If you can play something on the guitar then you can compose too (and compose well!).
So, why isn't a guitarist like yourself encouraged to compose?
It's the best way to learn about style, form, ornaments, harmony - you name it.
Why does a guitarist like you (and for a long time, me) choose to struggle playing pieces that are often beyond your capabilities?
Why not instead compose something that is within your limits and at the same time learn a ton about music too.
Then at the end of it all, you have something of your own to play - something truly special and remarkable that you can share with your friends, family and colleagues.
It doesn't have to be long and complex. Just short and simple gives you something beautiful.
And best of all, you can use what you already know as inspiration.
Frank's Inspiration - may it inspire you!
Frank composed a gorgeous tremolo piece in 1 month, through taking my online composition course (see video below to hear his piece).
Before doing that, he was a typical serious amateur player of today, one who:
- Plays pieces that everyone else plays
- Practices the same exercises everyone else practices
- Isn't trained much in harmony, form, analysis, etc.
Composing defies these norms.
After composing his own piece, Frank now has the ability to do it again and again and again. It gives him pieces that no one else on earth will have played, plus an extremely strong understanding of music. It deepens his relationship with the guitar, teaching him more about its inner workings, patterns and possibilities.
Below is a recording of his piece. I hope it inspires you to defy the norms and start doing something extraordinary.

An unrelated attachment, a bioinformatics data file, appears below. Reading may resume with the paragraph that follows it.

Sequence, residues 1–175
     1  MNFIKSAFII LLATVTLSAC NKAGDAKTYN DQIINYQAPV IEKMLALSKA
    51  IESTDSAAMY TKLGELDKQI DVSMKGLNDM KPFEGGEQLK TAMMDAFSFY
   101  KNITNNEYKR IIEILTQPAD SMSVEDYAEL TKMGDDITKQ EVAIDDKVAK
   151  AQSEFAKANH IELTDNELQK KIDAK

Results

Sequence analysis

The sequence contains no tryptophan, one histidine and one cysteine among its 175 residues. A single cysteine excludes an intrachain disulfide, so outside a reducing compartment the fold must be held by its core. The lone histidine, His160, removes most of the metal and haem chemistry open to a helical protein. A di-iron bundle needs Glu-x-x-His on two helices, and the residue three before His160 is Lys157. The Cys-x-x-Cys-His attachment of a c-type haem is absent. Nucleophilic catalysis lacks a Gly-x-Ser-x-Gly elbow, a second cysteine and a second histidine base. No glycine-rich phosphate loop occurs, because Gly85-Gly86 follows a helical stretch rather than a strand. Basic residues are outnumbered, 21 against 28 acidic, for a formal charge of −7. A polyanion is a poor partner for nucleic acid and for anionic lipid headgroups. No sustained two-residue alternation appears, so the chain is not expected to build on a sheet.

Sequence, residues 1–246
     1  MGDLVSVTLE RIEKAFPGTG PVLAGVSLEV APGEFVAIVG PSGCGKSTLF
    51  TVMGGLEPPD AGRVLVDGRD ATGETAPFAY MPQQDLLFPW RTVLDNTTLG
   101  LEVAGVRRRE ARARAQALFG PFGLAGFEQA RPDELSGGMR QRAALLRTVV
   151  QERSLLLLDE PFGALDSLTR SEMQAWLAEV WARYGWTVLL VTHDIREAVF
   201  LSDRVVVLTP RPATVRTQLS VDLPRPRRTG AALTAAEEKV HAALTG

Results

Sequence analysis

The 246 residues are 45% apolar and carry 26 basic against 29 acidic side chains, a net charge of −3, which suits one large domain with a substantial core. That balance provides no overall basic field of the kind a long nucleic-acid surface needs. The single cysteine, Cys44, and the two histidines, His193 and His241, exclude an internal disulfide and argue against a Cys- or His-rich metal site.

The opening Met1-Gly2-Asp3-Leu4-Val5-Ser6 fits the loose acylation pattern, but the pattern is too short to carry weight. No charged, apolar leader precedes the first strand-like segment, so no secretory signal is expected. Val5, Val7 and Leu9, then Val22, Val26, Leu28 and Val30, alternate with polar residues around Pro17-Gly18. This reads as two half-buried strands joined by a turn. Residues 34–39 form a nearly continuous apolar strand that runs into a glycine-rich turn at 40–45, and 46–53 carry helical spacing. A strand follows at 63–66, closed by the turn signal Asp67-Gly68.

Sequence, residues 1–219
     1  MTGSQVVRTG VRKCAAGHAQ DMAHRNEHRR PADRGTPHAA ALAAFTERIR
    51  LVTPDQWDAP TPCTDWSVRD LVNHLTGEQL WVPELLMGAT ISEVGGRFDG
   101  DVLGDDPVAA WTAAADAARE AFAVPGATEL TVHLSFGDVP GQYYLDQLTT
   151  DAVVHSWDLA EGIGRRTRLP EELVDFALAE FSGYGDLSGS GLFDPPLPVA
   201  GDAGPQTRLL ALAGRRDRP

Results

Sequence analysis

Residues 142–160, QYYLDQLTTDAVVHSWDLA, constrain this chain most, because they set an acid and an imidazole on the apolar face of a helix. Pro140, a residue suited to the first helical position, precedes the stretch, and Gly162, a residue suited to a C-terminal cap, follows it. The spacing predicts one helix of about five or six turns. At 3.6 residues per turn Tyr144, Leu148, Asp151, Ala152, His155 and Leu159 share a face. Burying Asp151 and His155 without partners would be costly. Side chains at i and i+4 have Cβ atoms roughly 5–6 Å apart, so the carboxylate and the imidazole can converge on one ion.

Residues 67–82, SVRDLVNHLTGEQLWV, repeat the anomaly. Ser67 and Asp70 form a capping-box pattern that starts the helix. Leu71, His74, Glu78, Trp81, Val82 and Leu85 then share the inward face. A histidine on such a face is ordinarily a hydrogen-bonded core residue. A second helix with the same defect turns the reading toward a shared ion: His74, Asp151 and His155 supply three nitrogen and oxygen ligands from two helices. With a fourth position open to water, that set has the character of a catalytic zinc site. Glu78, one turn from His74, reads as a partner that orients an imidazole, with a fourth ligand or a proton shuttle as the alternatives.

It's time to kick that frustration, hardship and tedious attitude towards the guitar in the butt. You don't have to keep on following the same systems as everyone else - take the ultimate challenge below and you'll have lots of incredible, unique and fulfilling work ahead.
Ultimate Composition Challenge
1) Find a piece you love and can comfortably play
2) Analyze the basic content of that piece (form, key, harmony, phrase structure, etc.)
3) Compose something based on that piece (model composition)
Complete this challenge and you will go really deep in learning about the repertoire you can already play. Plus you'll wind up with a brand new piece of your own!
Dr. Daniel Nistico is a passionate performer, author and educator who specializes in the performance practice of 18th and 19th century guitar music. Daniel's teaching and research aims to revitalize the concept of being a well-rounded musician, with emphasis on topics like harmony that can lead to deeper musical understanding and provide tools for composing and improvising.